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Mountain Dew

October 30, 2009

I took the shikara to my houseboat and when I arrived something was different.  The two nights prior had been dead silent and tonight seemed to be an anomaly.  It was the barking of the dogs outside that heightened my sense of awareness.  It was as if every dog in all of Kashmir was howling.  I recalled an article I had read about the Tsunami of 2004.  It explained how people gave accounts of animals having a sixth sense.  In the days prior to the Tsunami, hoards of animals mobilized and traveled inland in order to avoid the imminent danger.  I always found this amazing given that humans at large consider ourselves to be the most superior species.  Despite this and even in lieu of all our technology, these basic animal instincts far surpassed ours. (related article)

Military Convoy in Kashmir

While walking the streets earlier, I had such an uncomfortable feeling.  There seemed to be an excess of heavily armed soldiers every few feet along the main roads.  When I returned to my houseboat, I was already anxious from but I couldn’t help but wonder what the dogs were uneasy about.  Were they foreshadowing something terrible to come?  Every so often a military chopper would flyby overhead and there I was lying in bed staring at the ceiling, eyes WIDE open!  To my relief, as sure as winter follows autumn, the morning came and I was grateful to wake up!  It’s strange that we take our days for granted and simply assume that each morning, like the sun, we will rise.  With that, it was time for me to hit the road!

I made arrangements to head east.  My ultimate destination would be Leh, a Buddhist town in the most northerly region of India; Ladakh. I would be driving through the world’s most grueling mountain ranges, the Himilayas.  The drive itself was gut-wrenching and I distinctly recall hitting my head on the roof numerous times!  At times, I could have sworn that the icy, stone covered “road” was actually narrower than our SUV!  That aside, the drive was unimaginably beautiful.  The first stop was Sonamarg, a glacier which stood at approximately 10,000ft above sea.  A panoramic scan of the horizon would yield vast autumn meadows with mountains standing guard in each direction.  Upon arrival the place was simply breathtaking and quite literally at this altitude each breath counted as two.  Stepping outside on snow was a new experience, and one I did not expect from India.  I opted to take a horse named Raju to the base of the glacier.  I thought to myself how was I so fortunate that lady luck had smiled on me once again?  Like the marketing campaign goes this was truly Incredible India!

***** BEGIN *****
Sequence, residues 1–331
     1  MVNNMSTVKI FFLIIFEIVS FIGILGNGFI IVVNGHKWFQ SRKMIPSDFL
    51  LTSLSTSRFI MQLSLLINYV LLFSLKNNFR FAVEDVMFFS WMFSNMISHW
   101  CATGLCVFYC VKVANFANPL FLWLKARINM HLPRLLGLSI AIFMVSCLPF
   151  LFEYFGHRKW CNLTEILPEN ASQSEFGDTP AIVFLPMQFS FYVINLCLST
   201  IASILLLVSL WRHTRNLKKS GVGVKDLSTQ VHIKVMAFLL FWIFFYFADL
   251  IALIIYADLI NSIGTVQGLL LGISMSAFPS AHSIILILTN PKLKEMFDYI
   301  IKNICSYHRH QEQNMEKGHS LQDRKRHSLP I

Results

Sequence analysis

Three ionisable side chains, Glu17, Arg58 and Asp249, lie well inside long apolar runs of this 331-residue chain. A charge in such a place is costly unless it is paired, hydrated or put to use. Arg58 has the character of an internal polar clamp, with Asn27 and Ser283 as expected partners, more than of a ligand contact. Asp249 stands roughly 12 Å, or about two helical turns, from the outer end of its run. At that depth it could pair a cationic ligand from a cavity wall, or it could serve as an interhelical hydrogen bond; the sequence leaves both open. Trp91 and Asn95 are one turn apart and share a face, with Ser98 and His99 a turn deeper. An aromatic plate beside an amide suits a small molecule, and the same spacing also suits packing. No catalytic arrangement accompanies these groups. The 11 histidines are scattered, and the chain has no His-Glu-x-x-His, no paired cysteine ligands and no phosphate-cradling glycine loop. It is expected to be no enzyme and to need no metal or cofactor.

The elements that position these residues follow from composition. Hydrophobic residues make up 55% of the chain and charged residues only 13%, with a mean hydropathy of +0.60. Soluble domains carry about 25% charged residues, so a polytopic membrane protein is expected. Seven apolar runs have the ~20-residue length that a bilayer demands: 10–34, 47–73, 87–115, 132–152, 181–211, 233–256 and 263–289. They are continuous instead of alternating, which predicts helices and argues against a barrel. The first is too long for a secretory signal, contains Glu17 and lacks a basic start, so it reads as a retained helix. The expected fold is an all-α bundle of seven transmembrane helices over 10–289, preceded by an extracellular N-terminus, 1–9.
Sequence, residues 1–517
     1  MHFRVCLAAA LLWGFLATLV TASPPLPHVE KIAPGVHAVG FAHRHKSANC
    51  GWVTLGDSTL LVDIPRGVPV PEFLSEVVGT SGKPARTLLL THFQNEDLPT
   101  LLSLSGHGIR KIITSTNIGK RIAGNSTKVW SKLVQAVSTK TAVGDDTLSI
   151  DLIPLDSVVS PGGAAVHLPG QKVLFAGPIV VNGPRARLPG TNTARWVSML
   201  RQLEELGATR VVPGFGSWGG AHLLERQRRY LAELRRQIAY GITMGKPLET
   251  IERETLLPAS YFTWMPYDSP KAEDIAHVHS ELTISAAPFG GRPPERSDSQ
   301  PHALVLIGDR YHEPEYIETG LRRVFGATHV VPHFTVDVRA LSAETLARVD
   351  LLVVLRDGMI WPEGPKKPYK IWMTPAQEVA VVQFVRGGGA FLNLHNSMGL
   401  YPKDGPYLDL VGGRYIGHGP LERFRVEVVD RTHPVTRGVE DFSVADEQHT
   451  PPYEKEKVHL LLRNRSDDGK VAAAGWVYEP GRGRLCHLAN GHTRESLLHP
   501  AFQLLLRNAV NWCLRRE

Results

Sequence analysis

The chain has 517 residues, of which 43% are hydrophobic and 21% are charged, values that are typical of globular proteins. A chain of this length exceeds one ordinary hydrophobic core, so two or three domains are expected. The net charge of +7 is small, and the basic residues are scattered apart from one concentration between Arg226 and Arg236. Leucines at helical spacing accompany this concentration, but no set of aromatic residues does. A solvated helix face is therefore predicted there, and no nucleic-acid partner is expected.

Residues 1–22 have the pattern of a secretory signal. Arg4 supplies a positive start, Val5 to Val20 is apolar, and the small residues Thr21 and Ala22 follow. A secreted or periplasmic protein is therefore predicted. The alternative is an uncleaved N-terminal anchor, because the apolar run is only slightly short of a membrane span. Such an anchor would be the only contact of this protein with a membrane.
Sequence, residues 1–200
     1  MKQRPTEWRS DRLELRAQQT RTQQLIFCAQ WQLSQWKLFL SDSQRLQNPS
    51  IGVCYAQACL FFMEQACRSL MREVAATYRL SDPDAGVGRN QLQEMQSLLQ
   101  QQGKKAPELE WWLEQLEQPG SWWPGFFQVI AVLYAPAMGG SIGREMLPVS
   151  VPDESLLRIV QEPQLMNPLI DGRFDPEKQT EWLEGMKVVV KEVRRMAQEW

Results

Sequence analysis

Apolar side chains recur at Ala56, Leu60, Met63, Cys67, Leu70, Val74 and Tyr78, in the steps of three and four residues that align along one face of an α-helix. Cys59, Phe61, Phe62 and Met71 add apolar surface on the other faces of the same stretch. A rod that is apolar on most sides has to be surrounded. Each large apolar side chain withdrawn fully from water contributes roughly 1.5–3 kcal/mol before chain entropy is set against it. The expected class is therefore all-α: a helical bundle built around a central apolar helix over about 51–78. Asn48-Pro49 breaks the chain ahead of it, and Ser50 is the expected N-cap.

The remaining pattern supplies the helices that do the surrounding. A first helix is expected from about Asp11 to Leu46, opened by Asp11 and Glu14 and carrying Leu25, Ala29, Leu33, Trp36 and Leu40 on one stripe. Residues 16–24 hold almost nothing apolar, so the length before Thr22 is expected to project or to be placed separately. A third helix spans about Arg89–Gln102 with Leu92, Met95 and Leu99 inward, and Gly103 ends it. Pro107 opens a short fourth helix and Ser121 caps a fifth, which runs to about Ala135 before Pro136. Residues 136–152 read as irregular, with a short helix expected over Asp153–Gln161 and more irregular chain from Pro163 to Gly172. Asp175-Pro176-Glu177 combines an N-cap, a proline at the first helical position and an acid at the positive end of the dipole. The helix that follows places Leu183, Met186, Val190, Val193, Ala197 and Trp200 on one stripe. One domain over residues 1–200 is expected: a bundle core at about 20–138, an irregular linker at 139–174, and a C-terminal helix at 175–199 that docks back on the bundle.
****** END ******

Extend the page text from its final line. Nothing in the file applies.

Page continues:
There was an open pasture which I knew was my calling.  I gave Raju a nudge and the trot turned to gallop.  Off we went, full speed ahead, frigid air rushing at my face, and I felt as if I was a jockey on a racehorse.  In that moment, I could really feel that I was alive and yet  it had all the ingredients of a dream.  Reality recurred when my guide who was on foot finally managed to catch up to me!  I was enjoying all aspects of the ambiance with the exception of this strange neighing noise that the guide was making.  I think he thought he was a horse whisperer and could literally communicate with Raju with full fledge horse mannerisms.

No matter, we eventually reached the base of the glacier my frozen hands were greeted by a small boy named Sameer.  For 5 years old, this kid was really mature and told me all about the history of the land and the village people’s lifestyle.  All of this dialogue was in plain English which even his parents didn’t speak.  There was a nearby tent where his parents offered me a warm cup of chai.  Let me tell you, it was one of the most rewarding cups of tea I’ve ever had!  I climbed a rock which stood at around 20 feet high and took my seat.  I’m not sure how I always manage to find what seems like the best rock in the world, but I certainly wasn’t complaining.